When your patients need an appointment with you, what is their number one method for making that appointment?
Do they write you a letter?
Do they send you an SMS?
Do they send an email?
Do they go to your Facebook page and send you a message?
I’d suggest that 99% of your patients who want to make an unscheduled appointment with your office do so by calling on the phone.
And if that’s the case, then why is it that dental office staff are hesitant when it comes to communicating with those same patients in exactly the same way?
Let’s take a look at the patients who we need to phone:
1. Patients with incomplete treatment who do not have an appointment.
The best way to schedule these people is face to face.
If you cannot talk to them face to face, then the second best way to talk to them one on one is using the telephone.
Sending them an SMS text message is limp.
Sending them a letter is even more lame.
I’ve been in dental offices where something called “reactivation letters” are sent and that’s it.
The staff believe that sending a letter is all they have to do.
I’ve heard staff say:
“Well, we can’t MAKE them make anappointment.”
I’m sorry, but as health care professionals, and that means staff too, it is our duty to do everything in our power to ensure that these patients receive the diagnosed treatment they need.
Because the cost of neglect for them is always going to be greater than the cost of treatment.
And dental conditions always get worse with time.
So, firstly, no patient should ever leave our office without a future appointment, but when they do, they must be followed up BY TELEPHONE.
2. Patients with overdue hygiene requirements who do not have an appointment.
The same goes for these patients.
If their hygiene visits are overdue, no form of written communication will motivate them to suddenly call our office for an appointment in the same way that a telephone call will.
Don’t send out “Reminder cards”.
These are useless and a total waste of time and money.
Save a tree, and save money.
Pick up the phone.
The Telephone is your best friend.
The reason that the telephone is the best means of communication is simply this:
When you are on the phone with the patient you have the opportunity to respond to their questions and solve their problems.
An email and an SMS and a letter cannot talk back.
They just lie there…
A team member on the phone can create urgency and concern and can respond.
The result of your communication with the patient by phone is that they will schedule their necessary appointment.
Even if your written communication does inspire the overdue patient to pick up the phone, the result is that they are on the phone, so why not just use the phone in the first place?
[Or better still, create sufficient urgency and concern when the patient is in your office, that they make their next appointment then and there, and KEEP IT!!]
“But David, my staff are scared of the phone…”
I hear this often.
The good news is that the fear of the phone is false and can be overcome by learning better ways of communicating and better things to say.
And both of these can be taught and learned.
In the same way that no baby was born with a golf club in its hand, no baby was born speaking, or bearing a telephone either.
Speaking confidently, and use of the phone, are both learnable skills.
The reason why some dental staff are masters of the phone is because they have chosen to be.
The success of a dental practice is reliant on having good people with great communication skills and great phone skills.
You can be the best dentist in the world but if your practice is bleeding patients because of poor phone skills and poor communications, [and poor systems], then your life will not be as rewarding as it should be.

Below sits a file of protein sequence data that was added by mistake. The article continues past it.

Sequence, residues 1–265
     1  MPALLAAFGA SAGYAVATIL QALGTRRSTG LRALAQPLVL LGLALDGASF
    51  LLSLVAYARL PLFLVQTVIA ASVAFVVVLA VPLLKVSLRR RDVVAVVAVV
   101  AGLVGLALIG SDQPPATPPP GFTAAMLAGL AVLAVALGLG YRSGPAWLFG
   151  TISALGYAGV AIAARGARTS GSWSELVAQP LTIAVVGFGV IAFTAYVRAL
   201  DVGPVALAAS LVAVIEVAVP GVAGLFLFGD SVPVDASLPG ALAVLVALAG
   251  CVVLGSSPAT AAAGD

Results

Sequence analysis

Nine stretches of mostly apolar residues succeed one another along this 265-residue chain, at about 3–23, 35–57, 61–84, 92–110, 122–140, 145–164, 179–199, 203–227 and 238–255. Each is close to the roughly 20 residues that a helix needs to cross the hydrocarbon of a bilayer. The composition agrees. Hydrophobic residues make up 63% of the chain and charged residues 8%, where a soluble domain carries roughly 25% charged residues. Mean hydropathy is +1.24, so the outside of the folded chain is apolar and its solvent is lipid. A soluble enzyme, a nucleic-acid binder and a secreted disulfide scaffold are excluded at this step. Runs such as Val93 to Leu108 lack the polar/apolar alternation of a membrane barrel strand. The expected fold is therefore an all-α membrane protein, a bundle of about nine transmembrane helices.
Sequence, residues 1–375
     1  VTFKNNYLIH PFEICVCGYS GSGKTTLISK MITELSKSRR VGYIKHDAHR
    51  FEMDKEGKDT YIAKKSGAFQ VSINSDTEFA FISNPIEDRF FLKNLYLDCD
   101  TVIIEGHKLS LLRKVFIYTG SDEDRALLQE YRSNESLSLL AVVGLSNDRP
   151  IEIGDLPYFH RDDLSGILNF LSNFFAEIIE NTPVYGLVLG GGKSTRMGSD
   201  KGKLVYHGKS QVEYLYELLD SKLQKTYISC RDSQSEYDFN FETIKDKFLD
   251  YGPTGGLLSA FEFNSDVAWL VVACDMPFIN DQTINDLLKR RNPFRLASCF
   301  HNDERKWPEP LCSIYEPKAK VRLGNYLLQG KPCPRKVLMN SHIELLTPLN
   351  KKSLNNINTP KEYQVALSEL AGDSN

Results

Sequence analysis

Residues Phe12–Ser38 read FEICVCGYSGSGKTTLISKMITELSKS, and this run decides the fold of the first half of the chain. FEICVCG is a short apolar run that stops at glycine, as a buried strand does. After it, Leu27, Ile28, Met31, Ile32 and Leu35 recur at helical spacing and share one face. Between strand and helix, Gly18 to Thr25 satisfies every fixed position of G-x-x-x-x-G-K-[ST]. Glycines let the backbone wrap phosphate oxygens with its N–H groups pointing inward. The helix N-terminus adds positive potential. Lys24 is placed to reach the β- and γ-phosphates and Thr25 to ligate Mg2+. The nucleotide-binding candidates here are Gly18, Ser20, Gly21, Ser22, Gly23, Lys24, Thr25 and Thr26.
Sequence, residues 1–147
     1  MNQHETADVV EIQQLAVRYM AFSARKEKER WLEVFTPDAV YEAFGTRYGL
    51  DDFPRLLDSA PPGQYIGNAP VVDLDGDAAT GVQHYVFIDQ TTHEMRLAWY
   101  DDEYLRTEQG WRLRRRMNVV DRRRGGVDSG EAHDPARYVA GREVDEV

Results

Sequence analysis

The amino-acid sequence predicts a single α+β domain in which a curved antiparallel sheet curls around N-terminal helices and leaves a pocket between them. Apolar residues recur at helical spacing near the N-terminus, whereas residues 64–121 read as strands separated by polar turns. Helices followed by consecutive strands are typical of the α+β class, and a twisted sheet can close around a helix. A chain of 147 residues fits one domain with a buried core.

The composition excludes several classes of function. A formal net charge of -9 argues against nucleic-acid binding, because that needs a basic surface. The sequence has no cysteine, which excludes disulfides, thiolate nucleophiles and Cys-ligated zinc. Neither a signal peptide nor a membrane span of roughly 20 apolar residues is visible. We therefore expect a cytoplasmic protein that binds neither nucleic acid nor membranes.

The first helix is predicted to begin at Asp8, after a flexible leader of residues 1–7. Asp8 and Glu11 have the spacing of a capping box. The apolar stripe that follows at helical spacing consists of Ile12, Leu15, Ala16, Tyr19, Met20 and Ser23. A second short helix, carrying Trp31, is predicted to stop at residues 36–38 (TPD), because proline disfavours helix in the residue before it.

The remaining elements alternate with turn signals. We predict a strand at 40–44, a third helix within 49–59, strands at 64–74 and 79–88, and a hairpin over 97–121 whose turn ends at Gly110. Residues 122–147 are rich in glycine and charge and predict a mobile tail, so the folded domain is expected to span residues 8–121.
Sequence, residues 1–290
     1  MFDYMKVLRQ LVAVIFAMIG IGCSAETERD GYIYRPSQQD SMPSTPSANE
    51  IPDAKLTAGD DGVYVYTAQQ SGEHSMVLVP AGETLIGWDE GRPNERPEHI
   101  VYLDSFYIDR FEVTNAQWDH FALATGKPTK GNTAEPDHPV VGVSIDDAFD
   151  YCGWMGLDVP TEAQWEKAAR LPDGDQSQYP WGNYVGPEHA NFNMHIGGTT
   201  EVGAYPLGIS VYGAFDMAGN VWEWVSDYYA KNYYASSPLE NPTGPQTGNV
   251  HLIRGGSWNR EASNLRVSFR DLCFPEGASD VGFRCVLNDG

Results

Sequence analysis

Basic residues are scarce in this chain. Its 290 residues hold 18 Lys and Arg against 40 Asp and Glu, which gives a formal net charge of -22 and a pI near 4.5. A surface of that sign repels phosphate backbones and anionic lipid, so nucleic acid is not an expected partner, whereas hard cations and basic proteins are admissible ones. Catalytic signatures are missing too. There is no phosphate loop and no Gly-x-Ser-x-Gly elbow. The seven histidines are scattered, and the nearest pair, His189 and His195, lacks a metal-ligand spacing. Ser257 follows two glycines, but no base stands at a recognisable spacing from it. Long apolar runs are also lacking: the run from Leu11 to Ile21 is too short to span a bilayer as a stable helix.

Don’t let your schedule suffer because of poor phone skills.
And don’t allow your business to suffer because of poor phone skills….
In the email, Shep had listed some of the many reasons that people choose to do business with one business over another.
The list was intriguing, as were some of Shep’s explanations.
I’ll share some of those reasons with you shortly but in the meantime remember this fact:
Twenty to twenty-five percent of the population out there do not CARE what your competitors are charging to deliver the same service because those people consider the SERVICE that you provide to be exceptional value, and they would never think of changing.
Couple this with the Pareto Principle, that being that twenty percent of your customers will provide you with eighty percent of your income, while the remaining eighty percent of your customers will provide you with only twenty percent of your income, and will probably provide you with one hundred percent of your headaches…
And you’ll realise that there is a need to scale as well as slice and dice your community.
Because not only can you NOT BE everything to everybody in your community, but it also makes perfect sense to choose NOT TO BE everything to everybody in your community.
So here are some of those reasons why customers chose to do business with you:
1. Customer Service.
Your customers love you and your team, and the way your team makes them feel, whenever they do business with you. For your customer, they would never ever think of doing business with someone else, because they have a relationship with the people at your business that is more than just a “business relationship”.
Your customers trust you, and your business, and they know that whatever you say or recommend, is always in their best interests. Nothing else.
Your customers understand and know your values, both personally as well as professionally, and they recognise and appreciate the congruence of those values with theirs.
Sometimes people chose a business simply because it is easy to go there, despite the people and despite the price.
Sometimes these people are willing to tolerate a little less service and bear a little more cost for that convenience.
There will always be people who will choose a business because of the low prices they charge, despite the fact they have a friend with a similar business.
When they find a cheaper price elsewhere, then they move their custom.
It’s all about the price.
Remember, you do not have to do business with every single person out there.
Choose a lane, and then hold your line.
Some lanes are easier and more pleasant to operate in than others.
Other lanes may be more profitable, but more difficult.
Shep Hyken is a customer service expert, keynote speaker, and New York Times bestselling business author. For information, contact +1  692-2200 or www.hyken.com. For information on The Customer Focus™ customer service training programs, go to www.thecustomerfocus.com. Follow on Twitter: @Hyken